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Oliver Wendell Holmes, Jr, has been called the greatest jurist and
legal scholar in the history of the English-speaking world. In this
collection of his speeches, opinions and letters, Richard Posner
reveals the fullness of Holmes' achievements as judge, historian,
philosopher and master of English style. Thematically arranged, the
volume covers a variety of subjects from aging and death to themes
in politics, personalities, and law. Posner's substantial
introduction firmly places this wealth of material in its
biographical and historical context.
A scathing attack on the idea of American Puritanism and the
doctrine of Original Sin, Elsie Venner is the story of a young
woman who, having been poisoned by rattlesnake venom while in the
womb, emerges into the world half human, half snake. An intelligent
and wealthy heiress, she repulses and fascinates those around her
in equal measure. She falls in love with a young doctor, but her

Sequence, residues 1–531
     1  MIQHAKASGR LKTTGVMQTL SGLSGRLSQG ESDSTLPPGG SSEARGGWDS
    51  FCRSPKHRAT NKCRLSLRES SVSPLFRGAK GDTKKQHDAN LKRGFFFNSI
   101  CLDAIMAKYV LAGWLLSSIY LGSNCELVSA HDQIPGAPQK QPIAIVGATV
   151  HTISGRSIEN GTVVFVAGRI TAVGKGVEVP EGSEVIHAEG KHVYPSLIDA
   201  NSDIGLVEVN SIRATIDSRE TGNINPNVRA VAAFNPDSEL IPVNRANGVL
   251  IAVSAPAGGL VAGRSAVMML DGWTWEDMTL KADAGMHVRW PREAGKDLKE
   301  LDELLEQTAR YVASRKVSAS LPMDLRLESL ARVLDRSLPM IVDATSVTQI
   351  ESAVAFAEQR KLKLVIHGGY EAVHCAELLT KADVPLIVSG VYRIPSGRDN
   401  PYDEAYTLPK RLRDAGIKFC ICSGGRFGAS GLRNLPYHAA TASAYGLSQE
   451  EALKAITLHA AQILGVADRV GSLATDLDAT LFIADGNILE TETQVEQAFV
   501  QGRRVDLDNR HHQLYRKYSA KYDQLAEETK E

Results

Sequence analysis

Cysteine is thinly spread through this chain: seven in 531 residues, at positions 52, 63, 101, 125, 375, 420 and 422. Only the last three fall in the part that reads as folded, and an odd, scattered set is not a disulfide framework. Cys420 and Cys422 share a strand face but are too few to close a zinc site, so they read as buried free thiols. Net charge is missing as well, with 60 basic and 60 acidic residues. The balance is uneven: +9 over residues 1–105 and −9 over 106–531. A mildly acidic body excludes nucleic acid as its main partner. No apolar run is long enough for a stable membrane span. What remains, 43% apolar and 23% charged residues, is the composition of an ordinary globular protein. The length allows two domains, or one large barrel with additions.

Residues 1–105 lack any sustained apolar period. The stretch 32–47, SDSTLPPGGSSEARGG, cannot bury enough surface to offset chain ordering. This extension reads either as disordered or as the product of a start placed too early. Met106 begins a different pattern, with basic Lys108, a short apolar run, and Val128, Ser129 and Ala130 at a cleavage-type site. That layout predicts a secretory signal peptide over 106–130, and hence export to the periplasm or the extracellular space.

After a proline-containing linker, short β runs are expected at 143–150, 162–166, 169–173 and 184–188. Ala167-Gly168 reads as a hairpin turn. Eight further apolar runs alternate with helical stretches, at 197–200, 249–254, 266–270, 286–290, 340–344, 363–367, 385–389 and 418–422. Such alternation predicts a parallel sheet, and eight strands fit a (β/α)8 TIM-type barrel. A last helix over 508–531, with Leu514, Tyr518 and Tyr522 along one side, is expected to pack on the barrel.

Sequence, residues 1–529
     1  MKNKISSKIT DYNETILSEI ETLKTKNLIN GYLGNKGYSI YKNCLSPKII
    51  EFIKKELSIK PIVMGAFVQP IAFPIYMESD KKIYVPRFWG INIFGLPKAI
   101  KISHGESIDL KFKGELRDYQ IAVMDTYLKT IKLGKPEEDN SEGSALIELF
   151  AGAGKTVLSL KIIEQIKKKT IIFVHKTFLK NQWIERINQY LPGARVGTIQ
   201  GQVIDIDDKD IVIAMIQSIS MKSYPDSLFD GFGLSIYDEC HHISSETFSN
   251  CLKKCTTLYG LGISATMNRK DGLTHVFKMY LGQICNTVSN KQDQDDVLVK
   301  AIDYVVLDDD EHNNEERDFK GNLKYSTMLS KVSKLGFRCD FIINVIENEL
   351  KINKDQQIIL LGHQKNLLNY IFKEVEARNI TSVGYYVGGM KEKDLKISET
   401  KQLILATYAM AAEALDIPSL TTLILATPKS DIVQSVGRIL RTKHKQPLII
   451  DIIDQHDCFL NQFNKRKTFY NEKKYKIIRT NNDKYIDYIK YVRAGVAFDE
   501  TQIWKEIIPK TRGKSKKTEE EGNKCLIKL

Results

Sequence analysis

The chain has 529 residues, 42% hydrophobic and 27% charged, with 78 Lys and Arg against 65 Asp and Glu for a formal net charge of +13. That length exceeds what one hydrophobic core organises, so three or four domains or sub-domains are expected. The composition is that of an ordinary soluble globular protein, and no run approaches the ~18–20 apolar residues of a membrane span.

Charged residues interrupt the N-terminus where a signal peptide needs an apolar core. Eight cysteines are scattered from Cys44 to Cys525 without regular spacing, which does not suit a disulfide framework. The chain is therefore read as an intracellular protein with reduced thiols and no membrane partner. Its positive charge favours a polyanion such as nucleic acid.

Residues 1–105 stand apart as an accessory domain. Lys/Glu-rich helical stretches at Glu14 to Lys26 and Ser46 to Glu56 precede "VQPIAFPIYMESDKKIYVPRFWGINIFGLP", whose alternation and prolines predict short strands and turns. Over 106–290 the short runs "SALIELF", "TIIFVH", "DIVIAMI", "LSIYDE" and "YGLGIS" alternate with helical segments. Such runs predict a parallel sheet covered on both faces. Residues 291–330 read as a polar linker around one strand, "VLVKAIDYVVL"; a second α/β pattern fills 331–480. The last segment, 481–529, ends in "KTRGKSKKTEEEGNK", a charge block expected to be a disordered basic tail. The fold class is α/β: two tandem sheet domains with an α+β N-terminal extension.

serpentine characteristics prevent him from returning her
affection; her cousin is attracted by her money and, wrongly
perceiving the doctor as his rival, determines upon his downfall.
First published in 1861, this is a wonderfully inventive novel that
meticulously dissects for the reader the social mores of small-town
America in the middle of the nineteenth century, as viewed through
the prism of Olive Wendell Holmes' powerful imagination.
Much more than an historical examination of liability, criminal
law, torts, bail, possession and ownership, and contracts, "The
Common Law" articulates the ideas and judicial theory of one of the
greatest justices of the Supreme Court. G. Edward White reminds us
why the book remains essential reading not only for law students
but also for anyone interested in American history. The text
published is, with occasional corrections of typographical errors,
identical with that found in the first and all subsequent printings
by Little, Brown.
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